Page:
As I write almost every year, I remember on Holocaust and Remembrance Day my rabbi at Harvard Hillel, Rabbi Ben-Zion Gold z”l. The issue in those days was apartheid in South Africa. Many ministers would speak at the demonstrations we organized, and I wanted my rabbi to speak. The appointed day arrived, and the MC said “And now Rabbi Gold will deliver a blessing.” Rabbi Gold said, “I will deliver a blessing, but I have something to say first. When I left the gates of Auschwitz, leaving my family behind in the ashes, I made two promises to myself. Firstly, I would dedicate my life to the well-being of the Jewish people. That is why I am a rabbi today. Secondly, I would work so that nothing like what happened to us would happen ever again to anybody. That is why I am here today.”

Again, the Occupation does not in any way reach the proportions of the Holocaust. Neither did apartheid in South Africa. However, the hate is the same hate. We, the people who survived that fiery furnace, must look after our own welfare. We also have a responsibility to fight hatred of others and theories of superiority wherever they manifest themselves. One need not be, and must not be, at the expense of the other.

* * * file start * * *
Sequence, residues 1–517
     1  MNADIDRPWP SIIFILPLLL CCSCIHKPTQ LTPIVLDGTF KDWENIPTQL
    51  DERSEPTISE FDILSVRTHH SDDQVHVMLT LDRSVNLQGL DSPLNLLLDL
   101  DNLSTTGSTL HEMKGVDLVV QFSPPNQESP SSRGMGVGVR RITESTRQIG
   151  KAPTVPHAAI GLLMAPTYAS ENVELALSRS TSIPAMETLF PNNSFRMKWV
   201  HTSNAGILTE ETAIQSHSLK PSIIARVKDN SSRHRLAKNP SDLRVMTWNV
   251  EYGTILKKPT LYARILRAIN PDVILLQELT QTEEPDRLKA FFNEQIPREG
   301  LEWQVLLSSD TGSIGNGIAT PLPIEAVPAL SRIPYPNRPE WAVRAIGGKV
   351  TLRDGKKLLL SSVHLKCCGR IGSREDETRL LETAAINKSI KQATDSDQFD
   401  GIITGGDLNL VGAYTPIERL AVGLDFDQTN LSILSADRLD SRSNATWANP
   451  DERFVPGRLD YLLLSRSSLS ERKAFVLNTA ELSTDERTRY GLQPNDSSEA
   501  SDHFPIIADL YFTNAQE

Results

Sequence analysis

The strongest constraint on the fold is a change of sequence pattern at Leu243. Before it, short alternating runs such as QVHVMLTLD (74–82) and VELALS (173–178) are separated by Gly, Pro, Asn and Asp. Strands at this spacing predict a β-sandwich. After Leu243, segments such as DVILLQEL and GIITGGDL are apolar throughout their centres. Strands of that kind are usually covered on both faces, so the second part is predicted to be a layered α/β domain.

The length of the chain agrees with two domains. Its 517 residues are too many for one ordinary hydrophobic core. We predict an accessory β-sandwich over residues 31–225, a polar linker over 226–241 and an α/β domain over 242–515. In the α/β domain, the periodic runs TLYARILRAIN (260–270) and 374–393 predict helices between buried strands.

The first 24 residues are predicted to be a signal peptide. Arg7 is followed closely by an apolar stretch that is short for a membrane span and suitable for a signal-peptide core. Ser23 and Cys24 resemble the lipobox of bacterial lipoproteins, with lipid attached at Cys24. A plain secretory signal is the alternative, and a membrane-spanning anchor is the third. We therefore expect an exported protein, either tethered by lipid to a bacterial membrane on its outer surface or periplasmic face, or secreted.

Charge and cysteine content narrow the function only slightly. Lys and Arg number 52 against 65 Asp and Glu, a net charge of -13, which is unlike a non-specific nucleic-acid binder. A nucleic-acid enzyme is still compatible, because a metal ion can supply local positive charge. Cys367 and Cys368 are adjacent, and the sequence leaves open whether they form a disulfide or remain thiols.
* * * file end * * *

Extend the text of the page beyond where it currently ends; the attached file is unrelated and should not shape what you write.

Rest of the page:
From childbirth to deriving sustenance from the earth to the Land of Israel to the coronavirus, to what we do with the memory of the Holocaust, we can sink into forms of Jewish particularism that serve as a wall between us and humanity, if not causing outright enmity. Or, we can find the ways of allowing universal human experiences and obligations to help us live Jewishly as a part of, and in solidarity with all of humanity.

Shabbat Shalom

About the Author
Rabbi Arik Ascherman is the founder and director of the Israeli human rights organization "Torat Tzedek-Torah of Justice." Previously, he led "Rabbis For Human Rights" for 21 years. Rabbi Ascherman is a sought after lecturer, has received numerous prizes for his human rights work and has been featured in several documentary films, including the 2010 "Israel vs Israel." He and "Torat Tzedek" received the Rabbi David J. Forman Memorial Fund's Human Rights Prize fore 5779. Rabbi Ascherman is recognized as a role model for faith based human rights activism.